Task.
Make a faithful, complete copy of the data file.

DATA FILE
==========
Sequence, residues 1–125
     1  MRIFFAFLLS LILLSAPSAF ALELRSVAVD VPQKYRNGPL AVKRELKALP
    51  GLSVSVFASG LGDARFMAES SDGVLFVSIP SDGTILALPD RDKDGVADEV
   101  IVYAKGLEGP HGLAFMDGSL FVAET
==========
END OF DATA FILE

Sequence, residues 1–125
     1  MRIFFAFLLS LILLSAPSAF ALELRSVAVD VPQKYRNGPL AVKRELKALP
    51  GLSVSVFASG LGDARFMAES SDGVLFVSIP SDGTILALPD RDKDGVADEV
   101  IVYAKGLEGP HGLAFMDGSL FVAET